My Favourite Game Art – DOOM

Through their passion, expertise and talent, our artists shape worlds and universes. Their dedication breathes new life into a wooden table or a piece of clothing. We love creating 3D art for video games, but often we also love just booting up out platform of choice and playing! And some games leave such an impact on us that we can never forget them, no matter how old they are. This is the case with Octavian Fenes, Junior Artist, who really loves DOOM and wants to share a little bit of his fascination with us all. Happy reading!

Hi, everyone! In this article, I’d like to talk about what I consider to be one of the best game series of all time, namely DOOM (id Software). I believe that these games have a unique art style that is preserved and expanded upon in subsequent titles.

Cool tech maze with moody lighting in E1M2 Nuclear Plant. Had to turn the brightness up for this photo. Photo: id Software.

One of the most interesting things about the original games is the abstract level design. DOOM was born in a time when computers were so much slower. I mean, the worst smartphone today is much more powerful than state of the art hardware in 1993. The developers were therefore forced to adapt, and it actually turned out to be one of its defining characteristics and what sets it apart from other games. The levels in the original DOOM have nothing in common with reality, except for vague, brief moments that serve to remind you that you are supposed to be in a Hangar, or a Nuclear Power Plant or some kind of cargo area. It not only facilitates wildly creative gameplay and visuals, but it also gives the game an air of mystery, allowing the player to fill in the blanks themselves.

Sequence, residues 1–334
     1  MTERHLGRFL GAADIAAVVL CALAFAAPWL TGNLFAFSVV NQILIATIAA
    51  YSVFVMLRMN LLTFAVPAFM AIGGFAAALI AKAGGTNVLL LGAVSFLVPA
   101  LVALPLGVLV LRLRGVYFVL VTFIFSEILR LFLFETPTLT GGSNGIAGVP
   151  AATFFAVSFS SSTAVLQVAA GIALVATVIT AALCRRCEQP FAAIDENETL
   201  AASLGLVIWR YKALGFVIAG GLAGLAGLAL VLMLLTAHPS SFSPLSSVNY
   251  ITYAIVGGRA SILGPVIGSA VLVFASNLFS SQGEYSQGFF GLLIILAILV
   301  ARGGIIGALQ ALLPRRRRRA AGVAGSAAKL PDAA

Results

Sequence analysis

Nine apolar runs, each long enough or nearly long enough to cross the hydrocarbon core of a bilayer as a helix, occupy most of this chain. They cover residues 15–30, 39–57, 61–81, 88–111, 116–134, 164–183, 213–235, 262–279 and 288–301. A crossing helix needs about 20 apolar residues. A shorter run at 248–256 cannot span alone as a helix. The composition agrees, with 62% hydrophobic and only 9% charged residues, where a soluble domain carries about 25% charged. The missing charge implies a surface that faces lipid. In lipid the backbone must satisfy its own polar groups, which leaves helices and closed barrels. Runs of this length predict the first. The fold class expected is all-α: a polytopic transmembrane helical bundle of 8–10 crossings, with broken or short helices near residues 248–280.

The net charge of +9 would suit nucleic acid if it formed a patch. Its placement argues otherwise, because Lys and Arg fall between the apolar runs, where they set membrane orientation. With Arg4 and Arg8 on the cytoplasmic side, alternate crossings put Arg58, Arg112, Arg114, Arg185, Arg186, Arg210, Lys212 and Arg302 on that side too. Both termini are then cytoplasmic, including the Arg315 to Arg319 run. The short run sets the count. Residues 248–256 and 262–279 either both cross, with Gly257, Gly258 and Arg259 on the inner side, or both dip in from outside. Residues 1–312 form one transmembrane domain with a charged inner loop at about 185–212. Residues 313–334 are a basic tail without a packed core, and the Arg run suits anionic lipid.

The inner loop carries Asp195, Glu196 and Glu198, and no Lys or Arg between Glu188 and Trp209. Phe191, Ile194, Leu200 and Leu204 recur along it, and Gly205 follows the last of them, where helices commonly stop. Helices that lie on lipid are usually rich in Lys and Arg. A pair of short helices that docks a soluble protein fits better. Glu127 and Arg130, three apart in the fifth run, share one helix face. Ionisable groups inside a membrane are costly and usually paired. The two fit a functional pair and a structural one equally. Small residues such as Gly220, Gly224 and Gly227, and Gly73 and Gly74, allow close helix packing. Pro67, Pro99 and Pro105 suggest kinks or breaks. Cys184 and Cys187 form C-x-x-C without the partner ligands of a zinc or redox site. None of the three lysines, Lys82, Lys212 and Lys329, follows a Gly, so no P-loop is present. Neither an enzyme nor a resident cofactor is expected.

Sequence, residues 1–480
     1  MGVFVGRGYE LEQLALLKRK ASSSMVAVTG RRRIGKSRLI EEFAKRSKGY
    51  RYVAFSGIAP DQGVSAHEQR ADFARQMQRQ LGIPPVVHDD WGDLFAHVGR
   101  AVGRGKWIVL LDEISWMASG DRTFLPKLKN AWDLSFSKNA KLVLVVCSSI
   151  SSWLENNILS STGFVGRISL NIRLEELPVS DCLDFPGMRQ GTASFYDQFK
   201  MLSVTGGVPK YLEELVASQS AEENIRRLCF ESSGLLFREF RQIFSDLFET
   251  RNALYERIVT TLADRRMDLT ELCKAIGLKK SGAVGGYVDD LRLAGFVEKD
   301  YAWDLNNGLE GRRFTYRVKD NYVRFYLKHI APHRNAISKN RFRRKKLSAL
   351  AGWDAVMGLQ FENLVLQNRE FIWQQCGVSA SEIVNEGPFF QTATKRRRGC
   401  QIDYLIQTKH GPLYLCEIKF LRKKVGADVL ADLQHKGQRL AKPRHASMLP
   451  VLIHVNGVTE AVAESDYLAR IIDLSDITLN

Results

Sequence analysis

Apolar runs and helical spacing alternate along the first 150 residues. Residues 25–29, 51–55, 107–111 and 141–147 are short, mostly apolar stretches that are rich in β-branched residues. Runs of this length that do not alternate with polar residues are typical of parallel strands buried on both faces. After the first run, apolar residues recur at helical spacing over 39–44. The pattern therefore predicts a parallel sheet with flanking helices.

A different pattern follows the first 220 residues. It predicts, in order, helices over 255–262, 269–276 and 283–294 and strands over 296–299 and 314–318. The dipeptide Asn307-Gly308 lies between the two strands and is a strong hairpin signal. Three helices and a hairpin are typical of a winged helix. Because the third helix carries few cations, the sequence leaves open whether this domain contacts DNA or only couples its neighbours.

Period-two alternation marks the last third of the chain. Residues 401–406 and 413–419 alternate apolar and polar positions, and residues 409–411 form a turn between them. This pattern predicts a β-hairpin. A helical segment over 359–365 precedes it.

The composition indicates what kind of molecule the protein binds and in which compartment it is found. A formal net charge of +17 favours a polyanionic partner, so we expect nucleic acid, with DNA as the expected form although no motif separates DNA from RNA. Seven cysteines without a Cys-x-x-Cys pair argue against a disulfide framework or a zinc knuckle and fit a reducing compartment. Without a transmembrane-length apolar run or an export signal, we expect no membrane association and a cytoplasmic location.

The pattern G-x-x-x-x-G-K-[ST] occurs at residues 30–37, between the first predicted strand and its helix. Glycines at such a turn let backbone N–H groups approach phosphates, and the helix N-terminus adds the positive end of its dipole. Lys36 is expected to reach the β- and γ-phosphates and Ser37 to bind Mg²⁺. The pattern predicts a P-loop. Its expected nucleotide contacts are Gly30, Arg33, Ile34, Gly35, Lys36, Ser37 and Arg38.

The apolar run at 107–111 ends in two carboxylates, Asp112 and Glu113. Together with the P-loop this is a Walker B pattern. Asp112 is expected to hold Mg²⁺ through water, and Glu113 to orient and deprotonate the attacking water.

E5M6 Unspeakable Persecution from SIGIL. The limited stock resources are used very creatively to convey an atmosphere of dread and mystery. Photo: Romero Games.

John Romero, co-creator of DOOM, also released a separate, unofficial episode called SIGIL. It was made with modern Doom modding tools and, while it is more detailed than the original, it still strictly adheres to the original style of classic Doom.

The UAC (Union Aerospace Corporation)

The UAC bases are defined by a grungy, industrial theme. They feel decidedly anti-human and their layouts are often confusing. You walk in and an overall sense of distant dread fills you. You are completely alone. It is just you and the demons hiding in the walls.

In the first level, Hangar, there is a starkly decorated room with a few textures that seem to be computer panels. Some kind of control tower? There are no chairs, no tables, no clipboards with notes, no pictures of family members on office desks, no cafeterias serving food, nothing that indicates that humans actually worked there at one point, only the vague impression of a place.

Doom 3. That tech maze from E1M2? I’m sure this was an inspiration for some of the areas in DOOM 3. Even some of the textures are recreated. Photo: id Software.
Here is a section from E1M1 Hangar of Doom 1. What is this place? Is it a control tower? Make up your own theory! The player is made to fill in the gaps themselves and they actively contribute to the story.

No one knows for sure what these places actually are but there are often hints that help our imaginations go in the right direction, such as level names and certain structures. The environments of DOOM don’t make sense on a realistic, logical level, but they make sense on an emotional level and that is what makes them timeless.